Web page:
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Older people get web savvy

Viridian has successfully completed its Active Online pilot project which delivered internet training to 85 Viridian residents, 80% of whom rated their new skills invaluable.

The pilot project, aimed to test different methods to digitally include residents over 50 years of age, was created in response to a Customer Review survey carried out in 2012 by Viridian which found that an estimated 40% of the residents did not have access to internet, majority of them being older people who lived independently in their homes.


Older people’s use of the Internet is an increasingly important method of preventing social isolation and fuel poverty, as some services and many financial deals can only be found online. Keeping the outcome of the survey in mind, two different training models were trialled - one-to-one training provided by Student@Home and group training provided by volunteers through Age UK Barnet. Alongside this, residents who had taken part in the trials received a free tablet computer and access to a free Wi-Fi internet connection which is unique within the UK social housing sector.

The report, published today, found the one-to-one model of training to be most appropriate to meet the needs of residents who may need training sessions to be tailored to overcome obstacles such as language barriers and visual impairments. Matt Campion, Director of Social Impact at Viridian, said “This has been an innovative year for Viridian especially with this project which we are aiming to launch in the New Year. We believe that older people deserve the best that the IT world can offer and the report shows that, contrary to some attitudes, they were very interested in using the Internet. Better still, we found that 70% of the residents we trained had already shared their new skills with someone else which will help to combat isolation.”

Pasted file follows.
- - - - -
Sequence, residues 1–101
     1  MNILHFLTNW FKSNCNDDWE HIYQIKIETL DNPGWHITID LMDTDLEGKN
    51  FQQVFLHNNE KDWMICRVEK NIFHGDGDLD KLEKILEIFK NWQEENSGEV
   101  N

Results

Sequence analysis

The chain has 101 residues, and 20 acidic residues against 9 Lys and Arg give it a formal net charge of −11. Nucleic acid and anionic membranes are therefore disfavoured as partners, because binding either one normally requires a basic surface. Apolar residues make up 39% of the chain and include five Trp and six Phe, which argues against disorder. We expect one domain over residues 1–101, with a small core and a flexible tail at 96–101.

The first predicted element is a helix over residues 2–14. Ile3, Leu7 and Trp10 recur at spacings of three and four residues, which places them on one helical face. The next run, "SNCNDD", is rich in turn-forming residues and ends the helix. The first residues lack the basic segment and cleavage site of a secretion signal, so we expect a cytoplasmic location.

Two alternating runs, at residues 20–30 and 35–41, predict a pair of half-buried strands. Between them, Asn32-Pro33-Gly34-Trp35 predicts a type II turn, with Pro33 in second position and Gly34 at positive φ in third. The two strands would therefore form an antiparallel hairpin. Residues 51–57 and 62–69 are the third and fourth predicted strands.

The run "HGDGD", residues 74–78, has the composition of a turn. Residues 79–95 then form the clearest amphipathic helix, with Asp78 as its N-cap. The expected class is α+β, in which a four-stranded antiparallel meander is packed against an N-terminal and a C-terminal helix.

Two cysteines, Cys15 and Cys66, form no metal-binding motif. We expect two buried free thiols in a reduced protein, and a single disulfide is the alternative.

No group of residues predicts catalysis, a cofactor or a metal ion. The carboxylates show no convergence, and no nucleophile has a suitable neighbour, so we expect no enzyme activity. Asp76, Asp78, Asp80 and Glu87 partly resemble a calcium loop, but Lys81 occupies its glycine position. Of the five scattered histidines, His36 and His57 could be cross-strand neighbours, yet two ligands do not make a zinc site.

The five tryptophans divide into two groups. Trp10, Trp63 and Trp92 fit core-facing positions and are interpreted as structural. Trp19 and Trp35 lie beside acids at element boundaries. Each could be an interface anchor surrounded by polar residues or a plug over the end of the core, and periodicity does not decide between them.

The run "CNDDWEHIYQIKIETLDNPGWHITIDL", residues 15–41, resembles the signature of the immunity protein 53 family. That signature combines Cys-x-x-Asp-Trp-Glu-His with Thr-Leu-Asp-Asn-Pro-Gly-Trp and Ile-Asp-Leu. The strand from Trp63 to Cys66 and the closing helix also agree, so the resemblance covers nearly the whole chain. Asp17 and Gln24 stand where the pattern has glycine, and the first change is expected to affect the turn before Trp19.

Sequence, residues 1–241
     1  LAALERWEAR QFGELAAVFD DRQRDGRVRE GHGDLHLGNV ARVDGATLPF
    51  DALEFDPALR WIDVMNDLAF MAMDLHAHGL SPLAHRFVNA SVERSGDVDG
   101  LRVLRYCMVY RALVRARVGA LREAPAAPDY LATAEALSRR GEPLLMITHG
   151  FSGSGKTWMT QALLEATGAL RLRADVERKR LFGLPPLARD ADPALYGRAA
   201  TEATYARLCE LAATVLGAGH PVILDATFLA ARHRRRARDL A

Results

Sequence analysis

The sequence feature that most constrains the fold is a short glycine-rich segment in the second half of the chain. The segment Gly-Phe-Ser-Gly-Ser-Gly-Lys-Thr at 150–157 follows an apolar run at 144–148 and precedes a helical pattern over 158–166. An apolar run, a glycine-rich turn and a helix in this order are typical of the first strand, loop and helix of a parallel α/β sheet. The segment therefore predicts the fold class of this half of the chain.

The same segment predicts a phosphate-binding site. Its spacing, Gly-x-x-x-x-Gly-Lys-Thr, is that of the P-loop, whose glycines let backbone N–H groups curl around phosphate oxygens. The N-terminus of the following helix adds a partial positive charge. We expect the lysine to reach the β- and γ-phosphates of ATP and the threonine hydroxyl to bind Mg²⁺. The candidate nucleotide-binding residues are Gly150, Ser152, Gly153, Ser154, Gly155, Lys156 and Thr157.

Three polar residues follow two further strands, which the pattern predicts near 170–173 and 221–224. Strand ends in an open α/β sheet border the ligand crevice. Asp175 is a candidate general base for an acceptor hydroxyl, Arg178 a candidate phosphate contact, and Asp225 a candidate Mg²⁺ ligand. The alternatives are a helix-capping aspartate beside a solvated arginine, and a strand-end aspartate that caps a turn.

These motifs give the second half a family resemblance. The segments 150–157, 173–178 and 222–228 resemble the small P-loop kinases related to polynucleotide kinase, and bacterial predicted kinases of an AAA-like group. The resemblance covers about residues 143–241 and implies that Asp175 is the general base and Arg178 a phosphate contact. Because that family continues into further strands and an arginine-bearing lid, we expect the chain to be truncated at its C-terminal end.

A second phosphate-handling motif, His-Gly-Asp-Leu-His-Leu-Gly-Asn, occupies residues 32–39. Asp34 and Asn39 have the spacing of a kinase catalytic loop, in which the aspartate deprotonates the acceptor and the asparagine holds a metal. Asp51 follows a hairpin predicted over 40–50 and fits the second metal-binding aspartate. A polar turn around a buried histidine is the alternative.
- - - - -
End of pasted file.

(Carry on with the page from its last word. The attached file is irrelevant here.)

The oldest resident to take part in the project was 93, so age was no barrier to learning. The report found that learning digital skills has contributed to the older person’s sense of security and resilience, especially the availability of online shopping during the winter when illness and weather can prevent access to the shops. Furthermore, using new digital skills opened new ways for older people to interact with their community and keep their minds active by playing online games such as solitaire. A Viridian resident said “My main reason for wanting to learn was so that I could communicate with my family abroad. I have learnt to use Skype and it really is wonderful. I managed to talk to my nephew and his wife on Skype and now I have learnt how to use emails to stay in touch and send photos.”

The project will be offered to all Viridian residents aged 50 and over in early February which will significantly reduce social isolation amongst its older residents.

For more information about the Digital Inclusion scheme, please contact Helen Rowe, Research and Innovation Lead at Viridian on 0203 202 3613.

-ENDS -

Notes for editors:
1. Viridian Housing is a charitable association founded in 1945. We own and manage more than 16,000 homes, in the Midlands, West Sussex and London.

2. Our mission is to provide high quality, good value housing for mixed income communities. Our vision is: Quality homes for you to make the most of your life.

3. Key findings of the reports:

  • 75% residents rated the organisation of their training as either ‘Excellent’ or ‘Good’
  • 61% of residents felt more in touch with the world as a result of training
  • 76% residents found their tablet easy to use
  • Over half of residents are using their tablets more than once a day
  • Being online and in particular tablet based or online games are incredibly popular. Residents highlighted how being online kept their minds active.
  • Around half of all residents said they would have still taken part in the training without a free tablet computer and access to Wi-Fi
  • Around 35% of participants were already using the Internet
  • Older people want to learn how to use the Internet and are not afraid of it. A latent ageism in our society can inhibit older people from accessing ‘lifelong learning’ – no one is ‘too old’ to learn.

4. Read Matt Campion's blog on digital inclusion. Matt is the Director of Social Impact at Viridian Housing.

5. Student@Home worked in partnership with Viridian for trial purposes only and have currently submitted a bid with other organisations to be selected as the sole provider of training for the residents.

6. The full report and a summary is available on www.viridianhousing.org.uk/activeonline

7. For more information please contact Yeasmina Rahman
on 020 3202 3742 or Yeasmina.Rahman@viridianhousing.org.uk

 

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